A federal probe into the illegal harvest and sale of Florida Keys wildlife last week netted another Keys resident.
Federal investigators working on Operation Rock Bottom allege Charles R. Jamison, 74, of Little Torch Key, sold juvenile bonnethead sharks that had been taken from the Florida Keys National Marine Sanctuary and the Key Deer National Wildlife Refuge between June and October 2012 without the proper licenses or federal permits, according to court documents.
According to court records, Jamison sold the sharks to an alleged co-conspirator, who delivered them to a commercial marine life facility on Big Pine Key.
Some of the sharks were sold to a customer in Atlanta, records state.
Jamison is represented by Key West attorney David Paul Horan, who is out of town this week and could not be reached for comment.
The U.S. Attorney's Office does not comment on pending cases, but court records indicate that a conviction could cost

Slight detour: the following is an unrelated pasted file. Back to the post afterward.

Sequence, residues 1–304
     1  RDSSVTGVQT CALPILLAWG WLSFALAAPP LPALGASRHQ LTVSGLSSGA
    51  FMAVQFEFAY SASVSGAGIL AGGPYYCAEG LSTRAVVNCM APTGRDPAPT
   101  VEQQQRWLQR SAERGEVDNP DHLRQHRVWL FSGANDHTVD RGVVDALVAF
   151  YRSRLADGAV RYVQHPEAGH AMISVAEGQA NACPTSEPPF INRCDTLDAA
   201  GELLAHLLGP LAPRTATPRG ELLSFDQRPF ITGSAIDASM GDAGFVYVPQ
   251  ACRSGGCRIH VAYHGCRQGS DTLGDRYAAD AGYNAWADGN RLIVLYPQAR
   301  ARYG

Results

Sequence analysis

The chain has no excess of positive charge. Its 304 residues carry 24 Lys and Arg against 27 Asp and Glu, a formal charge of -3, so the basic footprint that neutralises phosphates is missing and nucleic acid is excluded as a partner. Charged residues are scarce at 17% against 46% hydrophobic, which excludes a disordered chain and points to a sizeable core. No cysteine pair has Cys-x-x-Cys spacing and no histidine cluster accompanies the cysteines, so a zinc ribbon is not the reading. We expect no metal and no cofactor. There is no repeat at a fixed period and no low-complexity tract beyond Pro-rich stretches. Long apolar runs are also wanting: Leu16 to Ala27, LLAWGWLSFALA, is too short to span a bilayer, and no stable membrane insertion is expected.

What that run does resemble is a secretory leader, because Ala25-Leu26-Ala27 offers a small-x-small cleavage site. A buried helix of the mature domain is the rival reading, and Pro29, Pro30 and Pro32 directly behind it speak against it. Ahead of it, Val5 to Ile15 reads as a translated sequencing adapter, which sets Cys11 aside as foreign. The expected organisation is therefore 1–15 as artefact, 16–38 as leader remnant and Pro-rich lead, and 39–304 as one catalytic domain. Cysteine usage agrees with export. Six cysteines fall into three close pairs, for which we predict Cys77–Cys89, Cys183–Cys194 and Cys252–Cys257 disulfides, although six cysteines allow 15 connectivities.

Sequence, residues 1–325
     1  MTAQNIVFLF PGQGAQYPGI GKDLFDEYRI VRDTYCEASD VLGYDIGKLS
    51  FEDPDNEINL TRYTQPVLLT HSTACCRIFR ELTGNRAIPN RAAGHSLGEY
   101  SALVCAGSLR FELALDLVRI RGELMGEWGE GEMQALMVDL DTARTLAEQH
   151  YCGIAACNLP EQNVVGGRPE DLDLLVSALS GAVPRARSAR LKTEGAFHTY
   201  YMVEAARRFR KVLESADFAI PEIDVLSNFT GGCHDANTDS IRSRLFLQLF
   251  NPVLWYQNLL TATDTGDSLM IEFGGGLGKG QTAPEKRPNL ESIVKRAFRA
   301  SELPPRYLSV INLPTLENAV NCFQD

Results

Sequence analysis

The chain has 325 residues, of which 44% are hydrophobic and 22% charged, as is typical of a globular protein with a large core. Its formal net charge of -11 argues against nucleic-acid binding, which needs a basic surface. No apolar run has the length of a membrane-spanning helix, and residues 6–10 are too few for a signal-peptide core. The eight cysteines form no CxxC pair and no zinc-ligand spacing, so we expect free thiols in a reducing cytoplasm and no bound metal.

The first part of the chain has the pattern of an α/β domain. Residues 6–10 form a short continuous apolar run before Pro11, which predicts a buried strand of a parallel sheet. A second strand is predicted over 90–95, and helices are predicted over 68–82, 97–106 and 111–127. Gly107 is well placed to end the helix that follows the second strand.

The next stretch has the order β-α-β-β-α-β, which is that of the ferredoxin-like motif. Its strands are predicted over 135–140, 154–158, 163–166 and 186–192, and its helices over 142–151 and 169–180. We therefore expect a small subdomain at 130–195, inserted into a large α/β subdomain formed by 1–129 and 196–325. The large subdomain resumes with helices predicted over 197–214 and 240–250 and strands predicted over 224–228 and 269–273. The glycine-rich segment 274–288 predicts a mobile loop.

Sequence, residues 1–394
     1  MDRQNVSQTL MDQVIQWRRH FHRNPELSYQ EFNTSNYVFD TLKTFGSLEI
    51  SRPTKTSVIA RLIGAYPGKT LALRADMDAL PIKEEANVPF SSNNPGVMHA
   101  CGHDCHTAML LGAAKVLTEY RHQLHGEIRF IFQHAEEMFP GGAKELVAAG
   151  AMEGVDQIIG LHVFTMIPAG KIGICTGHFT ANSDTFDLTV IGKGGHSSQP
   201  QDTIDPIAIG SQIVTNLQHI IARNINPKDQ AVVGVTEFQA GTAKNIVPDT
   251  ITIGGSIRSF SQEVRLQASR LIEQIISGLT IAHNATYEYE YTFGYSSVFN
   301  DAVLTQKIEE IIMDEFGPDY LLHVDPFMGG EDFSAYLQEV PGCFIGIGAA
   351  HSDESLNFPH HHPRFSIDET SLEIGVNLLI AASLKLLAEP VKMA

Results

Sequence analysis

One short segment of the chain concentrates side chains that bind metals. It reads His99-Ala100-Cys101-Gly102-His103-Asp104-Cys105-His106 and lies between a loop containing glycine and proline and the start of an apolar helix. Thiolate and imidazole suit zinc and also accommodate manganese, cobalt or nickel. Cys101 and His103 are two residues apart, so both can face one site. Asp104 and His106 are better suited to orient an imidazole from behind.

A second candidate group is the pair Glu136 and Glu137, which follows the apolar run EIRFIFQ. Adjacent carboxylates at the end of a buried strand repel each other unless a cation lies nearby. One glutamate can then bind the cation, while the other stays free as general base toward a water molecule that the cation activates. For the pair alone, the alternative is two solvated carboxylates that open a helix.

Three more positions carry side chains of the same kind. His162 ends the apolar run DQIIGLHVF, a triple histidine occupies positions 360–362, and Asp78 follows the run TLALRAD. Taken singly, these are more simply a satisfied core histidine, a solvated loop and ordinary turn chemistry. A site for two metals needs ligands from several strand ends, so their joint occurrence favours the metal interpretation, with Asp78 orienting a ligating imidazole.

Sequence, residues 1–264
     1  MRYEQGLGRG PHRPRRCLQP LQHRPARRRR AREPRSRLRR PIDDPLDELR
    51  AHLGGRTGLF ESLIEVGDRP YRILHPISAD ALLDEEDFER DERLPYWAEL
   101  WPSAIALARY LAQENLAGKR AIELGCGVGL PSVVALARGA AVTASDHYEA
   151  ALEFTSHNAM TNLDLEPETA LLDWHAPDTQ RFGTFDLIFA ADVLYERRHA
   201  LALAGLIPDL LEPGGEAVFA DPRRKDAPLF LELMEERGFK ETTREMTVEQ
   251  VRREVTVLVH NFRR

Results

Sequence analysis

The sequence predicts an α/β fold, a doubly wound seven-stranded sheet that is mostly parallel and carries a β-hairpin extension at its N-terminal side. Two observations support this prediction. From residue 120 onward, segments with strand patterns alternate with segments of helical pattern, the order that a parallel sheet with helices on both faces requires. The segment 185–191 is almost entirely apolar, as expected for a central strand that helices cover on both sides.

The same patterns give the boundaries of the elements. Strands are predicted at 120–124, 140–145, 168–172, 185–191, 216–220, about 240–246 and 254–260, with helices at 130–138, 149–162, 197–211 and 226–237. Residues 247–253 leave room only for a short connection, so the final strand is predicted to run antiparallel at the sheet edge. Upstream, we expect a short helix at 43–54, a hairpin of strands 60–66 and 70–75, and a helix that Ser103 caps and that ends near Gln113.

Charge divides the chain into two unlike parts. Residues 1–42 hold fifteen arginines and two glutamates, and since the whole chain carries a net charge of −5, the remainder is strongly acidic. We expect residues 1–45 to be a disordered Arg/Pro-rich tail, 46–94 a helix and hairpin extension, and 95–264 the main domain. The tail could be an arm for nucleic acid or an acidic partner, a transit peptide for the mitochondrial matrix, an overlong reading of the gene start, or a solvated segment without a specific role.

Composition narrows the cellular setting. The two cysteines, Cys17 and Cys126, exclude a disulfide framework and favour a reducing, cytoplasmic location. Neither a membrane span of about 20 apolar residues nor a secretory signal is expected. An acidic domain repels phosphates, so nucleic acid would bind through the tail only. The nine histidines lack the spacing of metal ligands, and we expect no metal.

If Jamison is convicted, Jamison faces five years in federal prison and $250,000 in fines. The federal government will also make him forfeit his 1974 17-foot Mako, the trailer, three fishing rods and reels, and a 3-foot shark tank, records state.
Jamison is accused of violating the Lacey Act, which makes it a federal offense to import, export, transport, sell or purchase in interstate commerce any wildlife protected at the state level.
It's the same law used over the past five years to prosecute myriad Keys defendants in the lobster casita cases.
There have been numerous defendants charged in Operation Rock Bottom since federal law enforcement agents (working with U.S. Assistant Attorney Thomas Watts-Fitzgerald) began making cases public in late 2012.